had features with just a shade more of the human cast about
them. Then there were men like Ahm, whom they had captured and
confined at the fort--Ahm, the club-man. "Well-known club-man," Tyler
had called him. Ahm and his people had knowledge of a speech. They
had a language, in which they were unlike the race just inferior to
them, and they walked much more erect and were less hairy: but it was
principally the fact that they possessed a spoken language and carried
a weapon that differentiated them from the others.
All of these peoples had proven belligerent in the extreme. In common
with the rest of the fauna of Caprona the first law of nature as they
seemed to understand it was to kill--kill--kill. And so it was that
Bradley had no desire to follow up the little stream toward the pool
near which were sure to be the caves of some savage tribe, but fortune
played him an unkind trick, for the pool was much closer than he
imagined, its southern end reaching fully a mile south of the point at
which they crossed the stream, and so it was that after forcing their
way through a tangle of jungle vegetation they came out upon the edge
of the pool which they had wished to avoid.
Almost simultaneously there appeared south of them a party of naked men
armed with clubs and hatchets. Both parties halted as they caught
sight of one another. The men from the fort saw before them a hunting
party evidently returning to its caves or village laden with meat.
They were large men with features closely resembling those of the
African Negro though their skins were white. Short hair grew upon a
large portion of their limbs and bodies, which still retained a
considerable trace of apish progenitors. They were, however, a
distinctly higher type than the Bo-lu, or club-men.
Bradley would have been glad to have averted a meeting; but as he
desired to lead his party south around the end of the pool, and as it
was hemmed in by the jungle on one side and the water on the other,
there seemed no escape from an encounter.
On the chance that he might avoid a clash, Bradley stepped forward with
upraised hand. "We are friends," he called in the tongue of Ahm, the
Bo-lu, who had been held a prisoner at the fort; "permit us to pass in
peace. We will not harm you."
At this the hatchet-men set up a great
I was very much engaged with a ferocious fellow who was endeavouring to reach my throat from in front, while two more, one on either side, were lashing viciously at me with their tails.Page 21
How far we traversed the tunnel in this manner I do not know, but presently we came to an obstruction which blocked our further progress.Page 27
Think you, Tars Tarkas, that John Carter will fly at the first shriek of a cowardly foe who dare not come out into the open and face a good blade?" I had spoken in a loud voice that there might be no question that our would-be terrorizers should hear me, for I was tiring of this nerve-racking fiasco.Page 29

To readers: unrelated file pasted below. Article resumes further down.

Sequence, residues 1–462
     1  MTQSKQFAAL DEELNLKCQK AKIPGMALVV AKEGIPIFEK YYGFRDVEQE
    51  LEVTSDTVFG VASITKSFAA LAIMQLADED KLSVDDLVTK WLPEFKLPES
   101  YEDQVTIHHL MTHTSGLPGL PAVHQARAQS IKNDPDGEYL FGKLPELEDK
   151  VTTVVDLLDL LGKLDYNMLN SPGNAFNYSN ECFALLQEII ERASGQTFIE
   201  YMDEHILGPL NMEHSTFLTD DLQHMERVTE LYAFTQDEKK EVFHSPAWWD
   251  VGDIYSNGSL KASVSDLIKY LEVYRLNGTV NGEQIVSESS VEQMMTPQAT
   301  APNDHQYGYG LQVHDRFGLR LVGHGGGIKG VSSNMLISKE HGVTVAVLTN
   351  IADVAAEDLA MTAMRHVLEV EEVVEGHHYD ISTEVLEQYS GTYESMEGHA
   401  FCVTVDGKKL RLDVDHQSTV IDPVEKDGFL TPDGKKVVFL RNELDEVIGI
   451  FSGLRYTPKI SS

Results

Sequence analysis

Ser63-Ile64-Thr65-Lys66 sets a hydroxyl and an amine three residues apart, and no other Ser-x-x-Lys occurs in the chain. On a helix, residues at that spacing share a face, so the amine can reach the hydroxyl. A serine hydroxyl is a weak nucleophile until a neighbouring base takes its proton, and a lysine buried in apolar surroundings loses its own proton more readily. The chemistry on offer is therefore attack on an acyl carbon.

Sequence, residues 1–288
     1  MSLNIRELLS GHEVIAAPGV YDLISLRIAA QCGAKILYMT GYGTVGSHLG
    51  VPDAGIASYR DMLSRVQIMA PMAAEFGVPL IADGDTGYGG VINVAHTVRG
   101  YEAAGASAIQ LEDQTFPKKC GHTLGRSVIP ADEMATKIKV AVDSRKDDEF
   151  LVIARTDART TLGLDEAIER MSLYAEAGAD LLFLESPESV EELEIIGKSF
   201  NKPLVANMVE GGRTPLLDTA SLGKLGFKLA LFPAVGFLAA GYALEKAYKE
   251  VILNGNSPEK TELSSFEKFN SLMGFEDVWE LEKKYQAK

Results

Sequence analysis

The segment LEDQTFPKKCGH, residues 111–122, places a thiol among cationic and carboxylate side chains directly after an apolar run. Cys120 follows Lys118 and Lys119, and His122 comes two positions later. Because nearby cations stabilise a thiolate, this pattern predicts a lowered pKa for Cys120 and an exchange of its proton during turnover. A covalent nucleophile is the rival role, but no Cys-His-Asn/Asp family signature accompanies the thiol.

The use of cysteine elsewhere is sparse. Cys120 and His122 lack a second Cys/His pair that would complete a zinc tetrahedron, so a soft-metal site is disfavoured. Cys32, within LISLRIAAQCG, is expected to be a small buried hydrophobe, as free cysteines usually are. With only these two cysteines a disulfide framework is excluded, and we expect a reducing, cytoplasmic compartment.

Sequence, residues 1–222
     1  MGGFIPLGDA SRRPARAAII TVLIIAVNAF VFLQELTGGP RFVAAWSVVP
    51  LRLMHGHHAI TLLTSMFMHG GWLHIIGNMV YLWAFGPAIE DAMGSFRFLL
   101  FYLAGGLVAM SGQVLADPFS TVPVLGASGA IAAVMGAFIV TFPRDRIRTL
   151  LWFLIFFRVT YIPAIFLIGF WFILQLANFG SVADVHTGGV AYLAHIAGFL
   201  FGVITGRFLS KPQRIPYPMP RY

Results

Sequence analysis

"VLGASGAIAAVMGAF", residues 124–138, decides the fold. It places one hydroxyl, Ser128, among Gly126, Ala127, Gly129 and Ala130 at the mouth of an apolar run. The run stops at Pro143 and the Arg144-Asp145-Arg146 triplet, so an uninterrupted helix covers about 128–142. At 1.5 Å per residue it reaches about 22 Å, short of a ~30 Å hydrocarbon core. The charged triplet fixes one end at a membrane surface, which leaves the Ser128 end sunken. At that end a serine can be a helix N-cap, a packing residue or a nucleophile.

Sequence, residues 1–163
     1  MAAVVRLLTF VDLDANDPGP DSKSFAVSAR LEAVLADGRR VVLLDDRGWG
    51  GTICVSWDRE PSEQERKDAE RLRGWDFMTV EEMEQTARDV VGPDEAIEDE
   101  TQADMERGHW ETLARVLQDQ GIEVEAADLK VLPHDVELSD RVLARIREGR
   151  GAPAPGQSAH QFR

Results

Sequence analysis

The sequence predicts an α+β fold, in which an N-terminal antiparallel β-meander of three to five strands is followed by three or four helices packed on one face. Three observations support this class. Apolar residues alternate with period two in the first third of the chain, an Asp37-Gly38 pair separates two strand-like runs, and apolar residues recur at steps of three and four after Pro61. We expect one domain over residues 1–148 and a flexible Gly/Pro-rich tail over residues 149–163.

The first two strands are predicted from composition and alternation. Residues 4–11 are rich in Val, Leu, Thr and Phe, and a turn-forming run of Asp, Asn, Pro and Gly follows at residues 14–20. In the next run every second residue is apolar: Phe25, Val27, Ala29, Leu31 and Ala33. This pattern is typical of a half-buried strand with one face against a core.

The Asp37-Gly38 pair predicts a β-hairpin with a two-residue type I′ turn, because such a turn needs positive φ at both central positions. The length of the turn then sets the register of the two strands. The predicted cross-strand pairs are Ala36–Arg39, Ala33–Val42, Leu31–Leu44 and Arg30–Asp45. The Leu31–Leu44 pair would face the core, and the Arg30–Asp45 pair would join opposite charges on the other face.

surface I saw pictured a sight that caused me to whisper: "Move not, Tars Tarkas! Move not a muscle!" He did not ask why, but stood like a graven image while my eyes watched the strange thing that meant so much to us.Page 44
There are fewer abroad in the courts and gardens, though," said.Page 66
She was very beautiful then.Page 77
After we had crawled in this disgusting fashion for a matter of a couple of hundred feet we were halted by our escort.Page 84
His features were very regular and, like the proportions of his graceful limbs and body, beautiful in the extreme.Page 92
"It is my only pleasure.Page 96
Perhaps it was this vague likeness which made me love the boy, while the awful havoc that his sword played amongst the blacks filled my soul with a tremendous respect for him.Page 99
"It is useless to fight them longer.Page 112
I was swimming entirely beneath the surface, but Xodar was compelled to rise often to let the youth breathe, so it was a wonder that we were not discovered long before we were.Page 113
As we neared the cruiser I rose as though to pass above her, so that she would do just what she did do, rise at a steeper angle to force me still higher.Page 121
To-night I shall enter the city and make sure.Page 126
And now in these black pits of the other Warhoons I looked into those same fiery eyes, blazing at me through the terrible darkness, revealing no sign of the beast behind them.Page 129
"And now I find that I have left my short-sword in the Thark's cell.Page 130
"Methought then that his voice sounded strangely.Page 156
The people cannot save you--I alone may accomplish that.Page 179
As the level of the passage rose, so, too, did the waters rise until it soon became apparent to me, who brought up the rear, that they were gaining rapidly upon us.Page 193
"There is, in fact, but a bare chance that we can come through to the outer garden alive even now.